Posts Tagged ‘book review

Robert Bourdeau’s Unwitting Ode by Lorette C. Luzajic Station Point by Ann Thomas et al. Magenta Publishing for the Arts Canadians love their landscapes. Canadian photographer Robert Bourdeau earned recognition for his sprawling monochromatic pictures of natural terrain, transporting his audience into forest glens and parched gulleys, into the dazzling fractals of leaves and Ontario [...]

A Great Book About Women Photographers by Lorette C. Luzajic Photography is a way of seeing with a third eye, of looking at that which is not before you. Who has not spent a part of their youth, chopping and gluing with stubby fingers images from National Geographic? Reassembling these strange pictures, we created panoramas [...]

Book Review: Cutting Edges: A Few Reflections on Contemporary Collage By Lorette C. Luzajic (Cutting Edges, Gestalten Books, 2011, ed. by James Gallagher et al.) “Nothing is original,” said Jim Jarmusch, director of Down By Law. He took the words right out of my mouth. “You’ve written about this theme numerous times,” said the friend [...]

Lewis Blackwell’s Photo Wisdom: Master Photographers on Their Art By Lorette C. Luzajic What strikes me first is the colour, a brilliant turquoise offset by a wide arc of pale and feathery purple and white ripples. It takes a few seconds to make sense of what is happening, of the giant elephant splayed out across [...]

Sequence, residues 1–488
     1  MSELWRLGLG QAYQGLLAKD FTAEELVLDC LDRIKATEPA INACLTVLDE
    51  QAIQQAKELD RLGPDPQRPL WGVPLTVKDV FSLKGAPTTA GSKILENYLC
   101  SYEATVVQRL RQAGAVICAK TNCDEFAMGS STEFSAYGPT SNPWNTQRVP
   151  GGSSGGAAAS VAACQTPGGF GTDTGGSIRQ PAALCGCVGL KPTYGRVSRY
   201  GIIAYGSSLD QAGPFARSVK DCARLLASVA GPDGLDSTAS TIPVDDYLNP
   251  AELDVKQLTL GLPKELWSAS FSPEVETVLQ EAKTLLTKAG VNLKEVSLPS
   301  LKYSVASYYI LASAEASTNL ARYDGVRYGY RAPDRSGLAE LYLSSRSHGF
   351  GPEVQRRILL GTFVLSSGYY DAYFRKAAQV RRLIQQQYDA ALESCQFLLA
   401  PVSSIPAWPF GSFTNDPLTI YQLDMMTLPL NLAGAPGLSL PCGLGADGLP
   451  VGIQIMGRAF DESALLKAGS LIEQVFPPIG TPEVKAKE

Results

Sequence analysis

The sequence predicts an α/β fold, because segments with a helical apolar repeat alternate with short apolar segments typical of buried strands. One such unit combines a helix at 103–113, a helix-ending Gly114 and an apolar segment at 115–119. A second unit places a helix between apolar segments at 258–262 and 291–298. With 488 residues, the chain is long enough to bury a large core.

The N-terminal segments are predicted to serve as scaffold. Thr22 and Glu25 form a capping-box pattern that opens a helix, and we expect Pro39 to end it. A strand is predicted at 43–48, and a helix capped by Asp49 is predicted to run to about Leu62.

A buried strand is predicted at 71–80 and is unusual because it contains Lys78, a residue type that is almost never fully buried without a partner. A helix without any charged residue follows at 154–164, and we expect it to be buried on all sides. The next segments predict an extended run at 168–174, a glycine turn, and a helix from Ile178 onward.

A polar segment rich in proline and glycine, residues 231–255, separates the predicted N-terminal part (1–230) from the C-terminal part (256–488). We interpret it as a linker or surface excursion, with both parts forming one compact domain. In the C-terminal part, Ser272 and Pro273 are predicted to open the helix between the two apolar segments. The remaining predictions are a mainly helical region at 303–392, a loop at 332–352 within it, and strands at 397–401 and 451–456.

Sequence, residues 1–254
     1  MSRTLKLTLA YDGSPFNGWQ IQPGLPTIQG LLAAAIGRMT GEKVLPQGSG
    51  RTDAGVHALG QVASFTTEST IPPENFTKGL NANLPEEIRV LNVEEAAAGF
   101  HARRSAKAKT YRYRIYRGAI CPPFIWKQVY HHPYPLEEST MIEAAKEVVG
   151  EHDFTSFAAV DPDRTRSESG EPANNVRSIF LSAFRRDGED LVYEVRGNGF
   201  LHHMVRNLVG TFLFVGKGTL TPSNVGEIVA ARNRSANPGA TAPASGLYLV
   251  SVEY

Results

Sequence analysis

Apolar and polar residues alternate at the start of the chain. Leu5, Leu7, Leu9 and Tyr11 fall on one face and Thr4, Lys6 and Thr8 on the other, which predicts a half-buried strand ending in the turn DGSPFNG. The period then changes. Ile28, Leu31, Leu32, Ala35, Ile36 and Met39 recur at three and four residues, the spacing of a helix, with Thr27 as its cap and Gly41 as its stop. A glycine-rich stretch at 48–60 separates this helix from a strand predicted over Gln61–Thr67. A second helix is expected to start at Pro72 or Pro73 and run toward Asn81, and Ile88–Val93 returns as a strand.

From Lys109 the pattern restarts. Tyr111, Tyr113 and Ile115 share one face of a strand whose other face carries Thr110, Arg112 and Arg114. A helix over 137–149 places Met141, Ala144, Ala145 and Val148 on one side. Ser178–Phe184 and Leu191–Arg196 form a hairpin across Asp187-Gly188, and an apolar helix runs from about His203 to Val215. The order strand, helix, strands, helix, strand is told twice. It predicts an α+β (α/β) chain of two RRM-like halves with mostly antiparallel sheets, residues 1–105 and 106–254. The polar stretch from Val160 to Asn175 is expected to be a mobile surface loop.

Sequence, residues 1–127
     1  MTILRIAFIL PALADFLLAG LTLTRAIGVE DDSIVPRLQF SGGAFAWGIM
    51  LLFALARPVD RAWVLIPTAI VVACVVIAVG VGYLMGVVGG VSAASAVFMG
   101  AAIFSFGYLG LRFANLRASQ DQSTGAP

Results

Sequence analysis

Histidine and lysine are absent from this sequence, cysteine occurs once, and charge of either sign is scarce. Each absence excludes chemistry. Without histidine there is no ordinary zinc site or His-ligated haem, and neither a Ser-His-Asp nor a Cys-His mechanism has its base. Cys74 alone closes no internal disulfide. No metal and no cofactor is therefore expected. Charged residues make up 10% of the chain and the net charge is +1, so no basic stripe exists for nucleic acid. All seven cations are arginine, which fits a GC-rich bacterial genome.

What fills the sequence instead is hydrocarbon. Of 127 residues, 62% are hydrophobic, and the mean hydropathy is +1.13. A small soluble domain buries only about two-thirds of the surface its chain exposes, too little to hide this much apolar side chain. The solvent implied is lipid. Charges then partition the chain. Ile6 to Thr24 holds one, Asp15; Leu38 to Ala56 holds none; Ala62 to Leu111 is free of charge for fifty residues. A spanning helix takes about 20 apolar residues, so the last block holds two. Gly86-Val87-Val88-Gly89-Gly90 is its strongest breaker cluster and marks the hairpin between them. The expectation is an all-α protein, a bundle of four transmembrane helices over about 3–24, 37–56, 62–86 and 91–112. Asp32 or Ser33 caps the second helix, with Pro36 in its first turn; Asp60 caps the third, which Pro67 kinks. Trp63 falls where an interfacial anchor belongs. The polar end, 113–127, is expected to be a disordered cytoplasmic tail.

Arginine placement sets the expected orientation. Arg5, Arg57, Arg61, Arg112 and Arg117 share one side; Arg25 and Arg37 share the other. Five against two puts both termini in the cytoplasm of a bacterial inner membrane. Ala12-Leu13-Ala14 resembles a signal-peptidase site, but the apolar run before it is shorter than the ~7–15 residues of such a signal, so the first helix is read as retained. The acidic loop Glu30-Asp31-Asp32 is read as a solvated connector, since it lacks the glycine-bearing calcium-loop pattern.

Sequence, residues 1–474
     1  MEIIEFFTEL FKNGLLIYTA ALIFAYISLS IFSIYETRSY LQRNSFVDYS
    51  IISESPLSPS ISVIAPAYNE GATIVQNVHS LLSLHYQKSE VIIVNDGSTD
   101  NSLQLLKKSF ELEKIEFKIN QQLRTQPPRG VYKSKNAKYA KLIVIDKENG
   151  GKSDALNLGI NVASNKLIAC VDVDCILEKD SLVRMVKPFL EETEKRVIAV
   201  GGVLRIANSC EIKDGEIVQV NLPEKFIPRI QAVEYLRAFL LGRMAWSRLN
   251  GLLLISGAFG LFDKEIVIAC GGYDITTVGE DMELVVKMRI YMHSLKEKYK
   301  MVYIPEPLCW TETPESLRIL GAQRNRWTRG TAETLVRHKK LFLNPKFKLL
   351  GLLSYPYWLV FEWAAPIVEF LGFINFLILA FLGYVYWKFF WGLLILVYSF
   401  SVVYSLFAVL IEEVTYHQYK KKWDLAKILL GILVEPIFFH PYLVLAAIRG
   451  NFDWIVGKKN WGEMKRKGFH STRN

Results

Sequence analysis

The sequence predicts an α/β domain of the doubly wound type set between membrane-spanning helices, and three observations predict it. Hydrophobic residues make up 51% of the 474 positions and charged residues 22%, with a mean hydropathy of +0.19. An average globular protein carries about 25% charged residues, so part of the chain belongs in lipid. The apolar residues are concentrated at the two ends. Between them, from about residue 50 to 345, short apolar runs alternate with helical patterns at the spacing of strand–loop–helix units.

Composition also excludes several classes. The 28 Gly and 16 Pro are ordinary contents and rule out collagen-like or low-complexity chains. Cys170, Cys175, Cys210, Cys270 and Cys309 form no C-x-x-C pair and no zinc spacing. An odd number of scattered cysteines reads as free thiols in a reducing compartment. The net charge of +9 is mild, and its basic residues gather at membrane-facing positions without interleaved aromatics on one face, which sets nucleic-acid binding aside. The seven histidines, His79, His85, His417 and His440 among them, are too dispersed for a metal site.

Contemporary Art in Eastern Europe – An Important Addition to Every Art and History Library By Lorette C. Luzajic One of the best ways to learn about history, geography and culture is through art. The personal interpretations expressed through art give depth to the politics, traditions, and experiences involved in history and its culmination in [...]

Book Review – Painters Eleven: a Brief Lesson in Canadian Art History by Lorette C. Luzajic There is vivid, exciting art culture in Canada beyond our stunning natural landscape and the Group of Seven, who translated that heritage into a national treasure and revealed it to the world. The Group of Seven has become synonymous [...]

Reading Basquiat by Lorette C. Luzajic Most people either love his work or hate it. Jean-Michel Basquiat’s strange and primitive medleys are either repulsive or compulsively compelling. I think he is a genius, but then, I’ve long held a maudlin fascination with the madness-creativity dichotomy. There are a number of ways I relate to the [...]


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